Tuesday, January 27, 2015

A Biblical Scholar Examines the Scholarly Scene

Ziony Zevit is Distinguished Professor of Biblical Literature and Northwest Semitic Languages and Literatures at the American Jewish University in Los Angeles. The archaeologist, William Dever, describes Zevit's work, The Religions of Ancient Israel, as
"the most ambitious, the most sophisticated, the most important study of ancient Israelite religions ever undertaken." Such high praise is due, of course, to Zevit's extensive use of archaeological evidence, often based on first-hand re-examination and treated with an expertise that I have not seen in any other non-specialist. Certainly no other current biblicist can match Zevit's command of a broad range of archaeological data, which he, like me, takes as a "primary source" along with texts.
(William G. Dever, Did God Have a Wife? (Grand Rapids, Michigan: William B. Eerdmans, 2005), 46.)
In a more recent work on Genesis 2-3 Zevit describes various types of approaches to the biblical text. The first he terms "the 'Mosaic-authorship' approach." This approach maintains that Moses wrote the Pentateuch except the last few verses of Deuteronomy which describe Moses's death. The second he terms "the literary-historical approach" which views the Pentateuch as written by various authors or schools of authors that are labeled with the letters J, E, P, and D. Zevit notes that
The important question for individuals open to this approach, then, is not whether this type of composition was practiced . . . but whether it played a role in the formation of the Pentateuch.
(Ziony Zevit, What Really Happened in the Garden of Eden? (New Haven: Yale University Press, 2013), 41.)
Zevit goes through this discussion because he consciously adapts his discussion to work with either of the two approaches. He assesses some of the strengths and weaknesses of the two approaches:
Both the Mosaic-authorship and the literary-historical approaches focus on the literature of the Pentateuch. The first emphasizes continuities and prefers to avoid complexities that historical considerations introduce to a consideration of the text. The second emphasizes literary discontinuities and posits complex historical considerations to explain them.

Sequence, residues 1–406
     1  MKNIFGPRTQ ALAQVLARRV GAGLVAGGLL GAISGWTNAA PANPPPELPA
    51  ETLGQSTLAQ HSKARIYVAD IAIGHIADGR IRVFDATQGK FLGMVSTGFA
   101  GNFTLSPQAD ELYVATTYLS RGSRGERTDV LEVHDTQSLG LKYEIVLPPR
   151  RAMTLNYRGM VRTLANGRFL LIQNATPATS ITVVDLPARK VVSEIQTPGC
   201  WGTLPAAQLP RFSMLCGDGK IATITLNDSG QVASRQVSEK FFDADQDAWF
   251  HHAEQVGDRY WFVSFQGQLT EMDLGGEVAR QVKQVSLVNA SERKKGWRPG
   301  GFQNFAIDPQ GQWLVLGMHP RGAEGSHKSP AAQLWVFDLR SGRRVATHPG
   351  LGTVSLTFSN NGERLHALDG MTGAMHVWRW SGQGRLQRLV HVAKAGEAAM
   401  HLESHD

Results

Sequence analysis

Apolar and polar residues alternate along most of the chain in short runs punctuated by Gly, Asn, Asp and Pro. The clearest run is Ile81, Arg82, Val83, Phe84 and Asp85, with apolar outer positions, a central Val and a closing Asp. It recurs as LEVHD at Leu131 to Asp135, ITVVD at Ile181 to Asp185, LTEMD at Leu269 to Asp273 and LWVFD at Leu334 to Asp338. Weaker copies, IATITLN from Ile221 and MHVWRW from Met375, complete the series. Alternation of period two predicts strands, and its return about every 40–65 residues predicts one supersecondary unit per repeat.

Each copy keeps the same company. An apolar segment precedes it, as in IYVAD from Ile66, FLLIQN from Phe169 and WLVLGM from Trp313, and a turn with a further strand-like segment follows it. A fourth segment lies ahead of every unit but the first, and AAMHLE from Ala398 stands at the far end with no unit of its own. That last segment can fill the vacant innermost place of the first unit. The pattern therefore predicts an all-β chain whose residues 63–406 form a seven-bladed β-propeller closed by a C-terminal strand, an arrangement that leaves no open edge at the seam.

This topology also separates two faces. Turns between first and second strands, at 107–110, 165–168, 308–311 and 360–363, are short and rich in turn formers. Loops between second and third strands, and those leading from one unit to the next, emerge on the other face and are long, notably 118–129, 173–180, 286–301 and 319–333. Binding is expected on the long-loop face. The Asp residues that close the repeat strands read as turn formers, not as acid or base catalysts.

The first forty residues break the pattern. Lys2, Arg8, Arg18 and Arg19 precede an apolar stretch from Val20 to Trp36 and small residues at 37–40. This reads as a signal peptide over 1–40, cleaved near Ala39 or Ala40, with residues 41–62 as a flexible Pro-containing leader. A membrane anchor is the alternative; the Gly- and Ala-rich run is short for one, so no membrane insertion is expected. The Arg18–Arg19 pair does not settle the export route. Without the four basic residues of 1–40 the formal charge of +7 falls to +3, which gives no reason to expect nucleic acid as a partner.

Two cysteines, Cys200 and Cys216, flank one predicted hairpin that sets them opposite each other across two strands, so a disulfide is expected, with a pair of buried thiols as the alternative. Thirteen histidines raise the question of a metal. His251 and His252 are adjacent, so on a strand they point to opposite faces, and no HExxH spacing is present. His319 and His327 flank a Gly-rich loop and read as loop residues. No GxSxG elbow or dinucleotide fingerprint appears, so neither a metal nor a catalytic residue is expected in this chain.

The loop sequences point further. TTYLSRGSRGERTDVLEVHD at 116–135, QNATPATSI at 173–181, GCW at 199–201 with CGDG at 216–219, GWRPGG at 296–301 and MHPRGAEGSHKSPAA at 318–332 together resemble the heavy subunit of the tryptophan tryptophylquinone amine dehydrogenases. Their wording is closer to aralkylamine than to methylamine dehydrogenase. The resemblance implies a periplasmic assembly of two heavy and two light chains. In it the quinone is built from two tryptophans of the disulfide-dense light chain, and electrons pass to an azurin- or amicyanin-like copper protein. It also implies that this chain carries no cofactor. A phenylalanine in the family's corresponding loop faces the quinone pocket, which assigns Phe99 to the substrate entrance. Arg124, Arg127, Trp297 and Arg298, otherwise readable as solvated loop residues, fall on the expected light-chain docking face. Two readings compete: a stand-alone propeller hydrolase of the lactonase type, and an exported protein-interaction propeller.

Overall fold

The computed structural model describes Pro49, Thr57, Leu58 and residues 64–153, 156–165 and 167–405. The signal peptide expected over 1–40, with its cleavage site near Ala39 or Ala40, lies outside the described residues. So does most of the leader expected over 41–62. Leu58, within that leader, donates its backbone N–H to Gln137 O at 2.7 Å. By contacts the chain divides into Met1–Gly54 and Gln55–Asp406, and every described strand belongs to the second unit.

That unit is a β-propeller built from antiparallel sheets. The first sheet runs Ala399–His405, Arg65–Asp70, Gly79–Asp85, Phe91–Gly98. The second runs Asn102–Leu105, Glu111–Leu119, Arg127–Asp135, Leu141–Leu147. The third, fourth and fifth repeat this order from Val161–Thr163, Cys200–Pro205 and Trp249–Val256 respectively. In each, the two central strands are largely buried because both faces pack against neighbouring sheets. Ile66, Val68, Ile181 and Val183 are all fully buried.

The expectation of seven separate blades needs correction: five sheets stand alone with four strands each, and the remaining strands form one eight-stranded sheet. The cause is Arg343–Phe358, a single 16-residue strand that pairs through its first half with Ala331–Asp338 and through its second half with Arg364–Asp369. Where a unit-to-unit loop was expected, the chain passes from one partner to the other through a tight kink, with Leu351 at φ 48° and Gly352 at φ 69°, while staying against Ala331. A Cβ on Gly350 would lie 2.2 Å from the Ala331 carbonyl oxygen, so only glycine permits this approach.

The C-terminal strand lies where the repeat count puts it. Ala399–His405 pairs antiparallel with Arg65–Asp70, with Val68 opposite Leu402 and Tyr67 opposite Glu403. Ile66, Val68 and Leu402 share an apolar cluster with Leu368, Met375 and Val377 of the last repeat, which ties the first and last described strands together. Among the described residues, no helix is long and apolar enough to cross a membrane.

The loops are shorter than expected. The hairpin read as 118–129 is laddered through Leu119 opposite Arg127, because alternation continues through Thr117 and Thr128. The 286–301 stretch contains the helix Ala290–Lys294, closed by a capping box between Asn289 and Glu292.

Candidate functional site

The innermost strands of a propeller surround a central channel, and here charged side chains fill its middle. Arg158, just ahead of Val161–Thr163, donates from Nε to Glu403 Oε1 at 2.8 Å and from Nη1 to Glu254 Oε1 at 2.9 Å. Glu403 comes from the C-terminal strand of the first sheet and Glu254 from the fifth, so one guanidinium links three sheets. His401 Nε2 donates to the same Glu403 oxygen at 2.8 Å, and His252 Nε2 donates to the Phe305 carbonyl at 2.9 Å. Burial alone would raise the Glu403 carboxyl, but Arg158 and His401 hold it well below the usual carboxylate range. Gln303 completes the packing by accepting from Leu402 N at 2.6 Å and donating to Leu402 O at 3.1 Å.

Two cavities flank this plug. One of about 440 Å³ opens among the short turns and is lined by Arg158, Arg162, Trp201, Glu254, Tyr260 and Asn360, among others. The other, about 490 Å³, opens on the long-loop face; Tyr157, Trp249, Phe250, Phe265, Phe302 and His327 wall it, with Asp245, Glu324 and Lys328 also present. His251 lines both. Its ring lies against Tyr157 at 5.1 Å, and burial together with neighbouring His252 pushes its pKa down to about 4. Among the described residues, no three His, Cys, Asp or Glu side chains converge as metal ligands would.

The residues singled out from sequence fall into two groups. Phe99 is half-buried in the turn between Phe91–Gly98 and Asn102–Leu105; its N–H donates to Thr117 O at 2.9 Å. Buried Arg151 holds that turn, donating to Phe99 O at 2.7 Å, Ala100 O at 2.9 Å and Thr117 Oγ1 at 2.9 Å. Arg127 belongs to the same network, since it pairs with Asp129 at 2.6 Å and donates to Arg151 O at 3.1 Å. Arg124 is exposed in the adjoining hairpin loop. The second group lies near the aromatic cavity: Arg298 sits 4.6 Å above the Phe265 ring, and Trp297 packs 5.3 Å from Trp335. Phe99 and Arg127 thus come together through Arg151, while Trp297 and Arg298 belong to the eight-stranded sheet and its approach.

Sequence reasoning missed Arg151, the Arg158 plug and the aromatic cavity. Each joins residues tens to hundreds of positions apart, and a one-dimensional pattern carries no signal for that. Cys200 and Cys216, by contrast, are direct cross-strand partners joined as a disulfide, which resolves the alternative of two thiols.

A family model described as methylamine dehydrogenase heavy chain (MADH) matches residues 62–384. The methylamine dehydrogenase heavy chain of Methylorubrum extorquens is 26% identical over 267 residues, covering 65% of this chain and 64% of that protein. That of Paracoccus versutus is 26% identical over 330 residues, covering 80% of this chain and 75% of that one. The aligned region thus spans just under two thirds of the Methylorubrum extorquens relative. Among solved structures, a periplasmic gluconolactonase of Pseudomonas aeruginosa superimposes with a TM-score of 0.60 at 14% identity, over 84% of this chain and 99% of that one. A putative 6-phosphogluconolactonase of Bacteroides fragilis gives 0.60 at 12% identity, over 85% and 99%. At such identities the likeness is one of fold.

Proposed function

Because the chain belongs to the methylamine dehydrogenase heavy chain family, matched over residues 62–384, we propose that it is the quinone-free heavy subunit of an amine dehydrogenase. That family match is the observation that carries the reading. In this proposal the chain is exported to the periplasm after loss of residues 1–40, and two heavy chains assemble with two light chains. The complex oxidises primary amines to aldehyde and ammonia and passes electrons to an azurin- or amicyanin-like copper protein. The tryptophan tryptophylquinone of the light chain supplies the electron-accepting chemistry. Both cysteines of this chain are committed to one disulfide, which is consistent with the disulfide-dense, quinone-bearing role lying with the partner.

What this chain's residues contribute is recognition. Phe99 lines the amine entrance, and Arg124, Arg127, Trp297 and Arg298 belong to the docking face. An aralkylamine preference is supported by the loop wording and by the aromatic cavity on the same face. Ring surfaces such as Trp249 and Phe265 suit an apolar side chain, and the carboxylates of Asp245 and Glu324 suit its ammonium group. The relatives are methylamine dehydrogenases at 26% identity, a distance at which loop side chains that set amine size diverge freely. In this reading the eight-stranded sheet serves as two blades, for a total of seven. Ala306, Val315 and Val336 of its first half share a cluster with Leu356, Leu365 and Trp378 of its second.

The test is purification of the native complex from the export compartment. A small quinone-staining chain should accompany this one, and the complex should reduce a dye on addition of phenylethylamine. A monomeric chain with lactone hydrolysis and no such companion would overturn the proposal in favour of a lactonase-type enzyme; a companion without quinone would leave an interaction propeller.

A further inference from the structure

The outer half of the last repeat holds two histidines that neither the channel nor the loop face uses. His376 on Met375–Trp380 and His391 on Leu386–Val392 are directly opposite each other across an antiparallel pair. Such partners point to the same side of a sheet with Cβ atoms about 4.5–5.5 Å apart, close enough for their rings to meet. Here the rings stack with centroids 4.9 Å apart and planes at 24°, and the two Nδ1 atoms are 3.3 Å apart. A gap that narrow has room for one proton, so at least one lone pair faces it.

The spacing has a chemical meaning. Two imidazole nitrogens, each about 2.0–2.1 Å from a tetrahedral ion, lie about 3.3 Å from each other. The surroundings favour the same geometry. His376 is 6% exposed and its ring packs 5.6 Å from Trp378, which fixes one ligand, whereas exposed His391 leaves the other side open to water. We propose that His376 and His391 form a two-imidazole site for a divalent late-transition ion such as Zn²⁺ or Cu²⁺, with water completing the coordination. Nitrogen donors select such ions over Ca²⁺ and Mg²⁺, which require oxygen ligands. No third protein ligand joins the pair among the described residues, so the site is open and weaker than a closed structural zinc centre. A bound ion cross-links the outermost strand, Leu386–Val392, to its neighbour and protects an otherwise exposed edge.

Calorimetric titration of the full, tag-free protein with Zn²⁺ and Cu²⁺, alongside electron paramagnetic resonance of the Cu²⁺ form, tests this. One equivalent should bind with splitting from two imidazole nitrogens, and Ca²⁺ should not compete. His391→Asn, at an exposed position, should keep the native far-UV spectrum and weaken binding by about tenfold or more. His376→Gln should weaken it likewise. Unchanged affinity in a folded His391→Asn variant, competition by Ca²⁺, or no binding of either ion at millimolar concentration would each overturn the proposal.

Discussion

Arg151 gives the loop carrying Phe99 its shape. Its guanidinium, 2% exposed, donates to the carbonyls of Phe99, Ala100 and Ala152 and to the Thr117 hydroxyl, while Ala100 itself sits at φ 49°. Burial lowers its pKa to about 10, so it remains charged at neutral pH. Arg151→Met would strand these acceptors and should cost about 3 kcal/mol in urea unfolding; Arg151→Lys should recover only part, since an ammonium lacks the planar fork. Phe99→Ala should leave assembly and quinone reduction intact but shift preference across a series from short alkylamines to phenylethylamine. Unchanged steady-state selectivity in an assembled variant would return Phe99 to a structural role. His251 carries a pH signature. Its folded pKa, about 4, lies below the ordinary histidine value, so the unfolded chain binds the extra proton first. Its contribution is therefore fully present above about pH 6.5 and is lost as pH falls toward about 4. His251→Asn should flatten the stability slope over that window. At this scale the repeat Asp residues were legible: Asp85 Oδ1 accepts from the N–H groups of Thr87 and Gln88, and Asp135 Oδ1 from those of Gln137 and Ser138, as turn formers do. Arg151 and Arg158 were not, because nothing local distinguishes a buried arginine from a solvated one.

(Zevit, What Really Happened in the Garden of Eden?, 44.)
Zevit notices something strange, however, in the two approaches:
the Garden story considered below, regularly assigned to the J source, is considered the distillation of a literary tradition whose oral antecedents took shape around two centuries earlier, around 1100 BCE, close to some of the dates proposed by the Mosaic-authorship approach.
 (Zevit, What Really Happened in the Garden of Eden?, 42.)
So the two approaches approach the same date.

Zevit notes that "Kenneth A. Kitchen, a world-class Egyptologist and scholar of ancient Near Eastern civilizations" does not fit in either camp because he "introduces history into the first approach . . . in order to tweak and improve an approach that he believes is essentially insightful, useful, and not in opposition to faith" (Zevit, What Really Happened in the Garden of Eden?, 45).

Zevit notes that when the literary-historical approach is adapted for faith that the resultant approach
is very heavy on the "literary" and absolutely unresponsive and hostile to historical considerations. [Such] uncompromising views allow little space for conversation. Kitchen's approach, in contrast, is heavy on the "historical" and generally, but not absolutely, unresponsive to the literary analysis of critical scholars. He does allow, though, for slight changes in the text that may have crept in over the centuries during which the scribes copied and recopied the text.
(Zevit, What Really Happened in the Garden of Eden?, 46.) 
(I note parenthetically that I am open to the possibility that the Pentateuch had numerous sources, extensive scribal errors, and heavy-handed redaction, probably much more than Kitchen. I am, however, skeptical of the ability of modern scholarship to accurately detect such things without hard evidence. Methodologically it is safer to be a factualist like Kitchen.)

Zevit's observations provide an interesting way of looking at recent discussions about the Old Testament that have been occurring among some Latter-day Saint scholars.